Friday, 12 August 2016

The Dragon Centre and its indoor roller coaster

I'm not sure why, perhaps just curiosity, but during my inaugural Nov 95 HK trip I decided to head into Sham Shui Po and check out the Dragon Centre on Yen Chow Street. The object of my curiosity was actually the indoor roller coaster. Being a child of the UK in the 70's and 80's my expectations concerning roller coasters was coloured by school trips to Alton Towers (before the accidents) and watching chubby cub scouts trying to drink milkshake on the Revolution at Blackpool Pleasure Beach courtesy of Jim'll Fix It (and boy did some kids get fixed, it turns out). It turns out the roller coaster at the Dragon Centre wasn't on quite that scale (pardon the pun) but there was still enough novelty for me to stay and watch it running for a while.

Dragon Centre
My one remaining vivid memory of this little excursion (and I don't have that many vivid memories these days) was being told I was too old to play on the various entertainment machines by a rather embarrassed assistant when I attempted to get some change/tokens for the machines. So, I had nothing better to do than watch the various families board the roller coaster for their 1 minute of top- floor-of-the-mall fun.

It never really occurred to me back then that I would one day be living just up the road from this place, so on a hot sweaty summer afternoon (and having dropped my youngest off at school just around the corner) I went back to the mall to relive some of my youth. Back in 1995, the Dragon Centre was still a fairly new building and was nice and shiny. These days it has lost some of its shine but remains steadfastly aimed at the local demographic (i.e. not dripping-rich Mainlanders) and is therefore stacked full of local businesses selling reasonably priced stuff rather than floor after floor of high end boutiques and jewellery stores. In other words it's a nice change.

After looking up through the mall atrium I was a bit disappointed to note that although the roller coaster tracks are still there there was no rumbling noise or movement coming from that direction and heading up to the top floor confirmed that the thing had - very disappointingly - been decommissioned several years before.

The entertainment zone (one of those places where you feed in lots of tokens, play a game in the hope of winning a gazillion tickets just so you can exchange them for a tiny plushy toy) was still there, as well as a very popular ice rink, but the roller coaster was sort of just sitting there unused and a bit sad. The cars were still parked on the track but the ticket booth had been closed and access was now pretty much off limits because the mall management company was using it as a sort of open storage area.


The roller coaster was called the Sky Train (the Chinese name was: 天龍過山車 or the "sky dragon passing the mountains" - things are always more poetic in Chinese) and was one of the several previously mentioned attractions on the top floor of the mall. It seems to have been quite famous at the time although I can't quite remember where I heard about it at the time (I can only guess it was mentioned in one of the many guide books I was perusing).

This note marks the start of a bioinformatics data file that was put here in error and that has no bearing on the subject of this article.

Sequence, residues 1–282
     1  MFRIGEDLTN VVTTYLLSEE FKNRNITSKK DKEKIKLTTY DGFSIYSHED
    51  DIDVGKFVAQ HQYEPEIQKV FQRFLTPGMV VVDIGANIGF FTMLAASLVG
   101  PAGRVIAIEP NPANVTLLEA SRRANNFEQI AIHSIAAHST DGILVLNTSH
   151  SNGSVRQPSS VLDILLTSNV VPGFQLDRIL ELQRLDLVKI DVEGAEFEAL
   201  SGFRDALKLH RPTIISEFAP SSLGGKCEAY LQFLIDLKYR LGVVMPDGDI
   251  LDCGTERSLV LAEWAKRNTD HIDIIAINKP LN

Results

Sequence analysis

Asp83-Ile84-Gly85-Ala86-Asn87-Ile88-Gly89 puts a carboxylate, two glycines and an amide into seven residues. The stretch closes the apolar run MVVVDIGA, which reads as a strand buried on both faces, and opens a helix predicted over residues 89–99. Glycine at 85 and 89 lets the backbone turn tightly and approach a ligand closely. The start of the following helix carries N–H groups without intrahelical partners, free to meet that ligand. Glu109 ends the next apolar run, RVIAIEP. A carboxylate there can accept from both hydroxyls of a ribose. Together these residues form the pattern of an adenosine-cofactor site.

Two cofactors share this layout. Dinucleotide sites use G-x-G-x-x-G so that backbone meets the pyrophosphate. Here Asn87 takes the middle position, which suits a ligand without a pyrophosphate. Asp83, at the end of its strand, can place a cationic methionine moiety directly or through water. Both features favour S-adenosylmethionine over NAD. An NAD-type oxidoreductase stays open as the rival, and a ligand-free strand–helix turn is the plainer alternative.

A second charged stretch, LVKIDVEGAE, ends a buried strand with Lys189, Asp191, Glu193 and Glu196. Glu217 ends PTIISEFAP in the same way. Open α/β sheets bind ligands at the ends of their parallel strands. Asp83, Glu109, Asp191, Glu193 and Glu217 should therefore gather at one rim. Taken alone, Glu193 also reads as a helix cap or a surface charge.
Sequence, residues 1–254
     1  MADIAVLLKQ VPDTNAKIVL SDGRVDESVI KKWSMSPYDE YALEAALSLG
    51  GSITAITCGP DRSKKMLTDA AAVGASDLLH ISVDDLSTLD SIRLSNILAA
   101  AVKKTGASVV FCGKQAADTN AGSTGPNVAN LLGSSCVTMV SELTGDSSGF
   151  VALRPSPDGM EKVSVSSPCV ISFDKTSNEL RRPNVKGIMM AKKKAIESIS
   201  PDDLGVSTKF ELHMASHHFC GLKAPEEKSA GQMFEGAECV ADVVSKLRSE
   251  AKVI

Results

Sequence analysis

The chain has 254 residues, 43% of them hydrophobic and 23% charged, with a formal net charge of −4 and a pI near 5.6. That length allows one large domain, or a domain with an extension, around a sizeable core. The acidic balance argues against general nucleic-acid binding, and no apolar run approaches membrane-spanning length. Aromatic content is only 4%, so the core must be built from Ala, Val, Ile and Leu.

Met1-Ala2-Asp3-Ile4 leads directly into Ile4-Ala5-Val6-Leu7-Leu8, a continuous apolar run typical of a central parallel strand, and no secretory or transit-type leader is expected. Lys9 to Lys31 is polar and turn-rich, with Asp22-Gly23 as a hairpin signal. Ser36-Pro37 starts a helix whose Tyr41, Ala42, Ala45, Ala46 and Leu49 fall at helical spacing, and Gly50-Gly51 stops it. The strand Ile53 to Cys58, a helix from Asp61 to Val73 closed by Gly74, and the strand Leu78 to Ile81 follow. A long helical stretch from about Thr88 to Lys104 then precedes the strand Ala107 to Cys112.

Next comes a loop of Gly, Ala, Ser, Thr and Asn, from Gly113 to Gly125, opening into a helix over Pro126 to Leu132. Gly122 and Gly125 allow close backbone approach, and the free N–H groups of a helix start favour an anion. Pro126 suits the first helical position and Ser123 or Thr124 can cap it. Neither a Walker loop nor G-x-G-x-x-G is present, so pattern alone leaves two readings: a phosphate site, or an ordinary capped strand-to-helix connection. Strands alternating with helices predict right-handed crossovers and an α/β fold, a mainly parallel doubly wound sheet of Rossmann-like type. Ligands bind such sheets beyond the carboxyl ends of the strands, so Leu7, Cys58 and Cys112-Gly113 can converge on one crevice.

Anyway, after coming home and doing a bit of digging, it turns out that the roller coaster was permanently shut down about 10 years ago. I can't find the exact reason for it's shutdown but it looks to be in part due to safety concerns. This isn't surprising given its location and, I guess, to keep everyone safe would mean a lot of maintenance. An accident on here wouldn't just impact the people in the ride but also everyone wandering around the mall below so I perhaps the cost of maintenance started to make it uneconomical? I can't find any mention of it being involved in any accidents, so while it was running it seems to have been perfectly safe. The only mention of any unfortunate incidents involving the Dragon Centre is one (I can remember reading it in the paper) from a few years back. Some nutty school-obsessed woman decided it was better to kill her daughter rather than have her suffer the ignominy of attending a normal school (as opposed to a more prestigious one) and threw her off the 7th floor. Luckily, the girl was saved by the safety netting (see below). The mum also jumped but because the netting wasn't strong enough she plunged to her death. This incident occurred several years after the closure of the ride though so it had no bearing on its fate.


I did find another mention of the roller coaster on the famous local Golden Forum. I'm not sure if my Chinese is correct but it appeared that someone has a relative who works at the mall and was saying that despite the roller coaster no longer being in use they still let it run once a month, after hours, when the mall has closed. I guess it's a good way to keep the dust off but maybe the closure was never meant to be permanent and they keep it moving just in case?

If anyone knows any more information about it, please feel free to leave a comment because I personally would love to see this thing up and running again. In the meantime, here are some pictures of the track. Sadly I don't have any from 1995 with me.

2 comments:

  1. I used to live in HK when I was younger and I remember my parents telling me that it was shut down after a person fell off and died or something. They added in safety nets after that.
    Also, the Dragon Centre is good spot to go if you want to find anime merch!

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    1. Thanks for the comment, Anon. I think the mall is undergoing some revamping with lots more large chain stores appearing, so I'm not so sure about the anime stuff anymore. Will have a look the next time i wander down. Cheers, Phil

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